Dec. 27, 2006 -- Five freshmen from across the country opened up to "Good Morning America" about their first semester away at college. For many, on their own for the first time, it was an emotional roller coaster.
"It's a pretty intense time, your first semester in college, because you're -- you know, you're studying harder than you ever have in your life and…you're with new people," said 18-year-old Roy Martin. "It's hard getting used to that."
College freshmen face tough decisions every day, but when it came to one hot-button issue -- sex -- the group claimed that college students get a bum rap.
"Yeah, people you know, date or have sexual encounters with other people, but it's very responsible," said Mira Stern, a 19-year-old freshman.
Kate Phelps, 19, agreed.
"I think a small part of the population make up the crazy wild group," Phelps said. "But overall, I mean, most people are responsible, especially with dating."
But there was one vice that everyone agreed was rampant on campus: drinking, and often to excess.
"Probably almost once a weekend at my dorm, I see…girls just plastered and an ambulance has to come because they are so drunk," Stern said.
The teens' comments echo national statistics: 45 percent of college freshmen are classified as heavy drinkers.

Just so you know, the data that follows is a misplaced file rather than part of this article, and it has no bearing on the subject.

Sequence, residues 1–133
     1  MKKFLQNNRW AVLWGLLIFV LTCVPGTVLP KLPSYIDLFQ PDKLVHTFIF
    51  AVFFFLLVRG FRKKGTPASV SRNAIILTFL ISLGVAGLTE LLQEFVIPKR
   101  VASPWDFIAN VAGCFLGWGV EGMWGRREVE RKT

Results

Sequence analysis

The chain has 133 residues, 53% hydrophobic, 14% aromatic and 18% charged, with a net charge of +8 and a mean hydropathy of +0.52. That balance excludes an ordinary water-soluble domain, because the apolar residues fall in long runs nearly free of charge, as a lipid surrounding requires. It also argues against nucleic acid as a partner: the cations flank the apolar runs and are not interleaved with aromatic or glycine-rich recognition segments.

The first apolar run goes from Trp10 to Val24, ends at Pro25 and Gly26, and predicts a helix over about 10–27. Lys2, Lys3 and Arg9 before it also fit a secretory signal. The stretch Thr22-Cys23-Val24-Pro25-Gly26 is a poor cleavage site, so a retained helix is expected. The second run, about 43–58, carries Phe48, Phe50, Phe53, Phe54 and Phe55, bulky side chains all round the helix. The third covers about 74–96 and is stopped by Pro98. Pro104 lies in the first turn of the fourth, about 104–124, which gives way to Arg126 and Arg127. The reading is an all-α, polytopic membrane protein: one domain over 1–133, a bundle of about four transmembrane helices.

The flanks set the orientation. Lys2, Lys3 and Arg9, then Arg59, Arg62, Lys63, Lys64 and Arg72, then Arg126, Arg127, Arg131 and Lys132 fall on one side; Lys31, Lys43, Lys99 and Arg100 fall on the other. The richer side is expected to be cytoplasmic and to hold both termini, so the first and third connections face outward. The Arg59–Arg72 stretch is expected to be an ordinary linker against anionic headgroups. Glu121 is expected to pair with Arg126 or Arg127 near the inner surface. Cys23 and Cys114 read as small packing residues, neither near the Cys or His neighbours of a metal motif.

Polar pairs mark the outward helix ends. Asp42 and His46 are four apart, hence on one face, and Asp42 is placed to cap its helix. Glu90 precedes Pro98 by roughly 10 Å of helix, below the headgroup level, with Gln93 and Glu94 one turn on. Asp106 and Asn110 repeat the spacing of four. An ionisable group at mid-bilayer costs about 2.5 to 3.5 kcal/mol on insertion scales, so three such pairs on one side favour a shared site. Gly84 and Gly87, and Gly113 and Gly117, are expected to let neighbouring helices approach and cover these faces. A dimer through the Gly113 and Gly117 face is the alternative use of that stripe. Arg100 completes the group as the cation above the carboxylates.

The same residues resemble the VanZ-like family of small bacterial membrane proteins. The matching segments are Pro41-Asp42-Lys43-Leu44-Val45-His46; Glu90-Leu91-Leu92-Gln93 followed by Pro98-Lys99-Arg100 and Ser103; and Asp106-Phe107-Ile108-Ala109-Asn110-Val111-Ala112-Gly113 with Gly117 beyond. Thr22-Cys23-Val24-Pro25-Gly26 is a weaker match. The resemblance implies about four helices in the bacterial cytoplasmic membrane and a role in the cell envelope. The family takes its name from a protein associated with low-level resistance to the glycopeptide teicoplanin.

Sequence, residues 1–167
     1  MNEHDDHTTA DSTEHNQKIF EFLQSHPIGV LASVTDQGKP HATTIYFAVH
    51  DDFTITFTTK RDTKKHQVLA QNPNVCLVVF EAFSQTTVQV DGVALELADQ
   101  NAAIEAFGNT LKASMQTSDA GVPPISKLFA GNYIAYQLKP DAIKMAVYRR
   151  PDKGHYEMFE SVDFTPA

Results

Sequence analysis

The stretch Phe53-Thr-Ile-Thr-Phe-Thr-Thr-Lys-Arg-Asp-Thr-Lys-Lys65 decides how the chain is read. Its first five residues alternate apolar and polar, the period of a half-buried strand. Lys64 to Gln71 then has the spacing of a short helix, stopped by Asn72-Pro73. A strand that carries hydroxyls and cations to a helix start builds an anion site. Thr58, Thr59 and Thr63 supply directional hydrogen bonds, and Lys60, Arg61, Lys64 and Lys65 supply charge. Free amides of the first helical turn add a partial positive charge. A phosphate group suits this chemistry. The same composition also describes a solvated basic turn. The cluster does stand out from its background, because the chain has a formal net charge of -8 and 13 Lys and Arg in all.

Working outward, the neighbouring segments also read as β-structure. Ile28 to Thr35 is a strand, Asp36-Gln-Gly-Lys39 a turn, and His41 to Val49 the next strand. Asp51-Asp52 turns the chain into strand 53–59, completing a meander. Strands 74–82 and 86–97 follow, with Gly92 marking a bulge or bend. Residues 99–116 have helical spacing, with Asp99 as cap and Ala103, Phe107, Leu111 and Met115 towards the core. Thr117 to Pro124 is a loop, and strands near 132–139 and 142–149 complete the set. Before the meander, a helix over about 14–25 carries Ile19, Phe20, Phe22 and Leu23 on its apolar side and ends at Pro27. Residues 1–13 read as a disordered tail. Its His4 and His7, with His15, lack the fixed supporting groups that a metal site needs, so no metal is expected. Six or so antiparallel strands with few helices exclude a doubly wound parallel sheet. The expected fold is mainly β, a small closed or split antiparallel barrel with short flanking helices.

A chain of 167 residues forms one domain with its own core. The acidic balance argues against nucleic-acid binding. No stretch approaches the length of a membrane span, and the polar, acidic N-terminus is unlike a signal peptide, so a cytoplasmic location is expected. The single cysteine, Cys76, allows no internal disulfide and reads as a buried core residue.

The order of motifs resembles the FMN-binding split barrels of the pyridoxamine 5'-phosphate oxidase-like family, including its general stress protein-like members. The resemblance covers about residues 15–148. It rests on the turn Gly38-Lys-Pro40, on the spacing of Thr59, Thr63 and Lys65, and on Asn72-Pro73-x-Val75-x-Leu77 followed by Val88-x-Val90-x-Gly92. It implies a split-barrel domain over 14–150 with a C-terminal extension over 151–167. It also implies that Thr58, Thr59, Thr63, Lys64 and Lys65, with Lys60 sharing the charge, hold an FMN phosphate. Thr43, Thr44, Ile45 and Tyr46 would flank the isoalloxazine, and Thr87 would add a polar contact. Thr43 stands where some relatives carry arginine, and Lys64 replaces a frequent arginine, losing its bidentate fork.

The freshmen told "GMA" that alcohol is easily accessible at college parties.
Even though a recent study says that drug use on campus is down, this group of freshmen have witnessed cocaine and ecstasy use. But most were blown away by the popularity of marijuana among students.
"The only thing that really surprised me about college was…how casual weed is," said Christa Aiken, 18. "Right before a class, they just smoke a blunt and they just go into class."
Temptations and distractions abound everywhere on campus. A national study found that 72 percent of college students list communication with friends as their favorite online activity.
Sites like MySpace and Facebook are the new millennium way of keeping on top of the latest gossip.
"People say, like, relationships aren't, like, official until you declare them in Facebook," Martin said.
But still, these freshmen told "Good Morning America" that they had learned lessons during their first semester: stay focused and be prepared to sacrifice sleep.
"I would tell them three things," Aiken said. "I would tell them expect the unexpected, think before you act and don't procrastinate."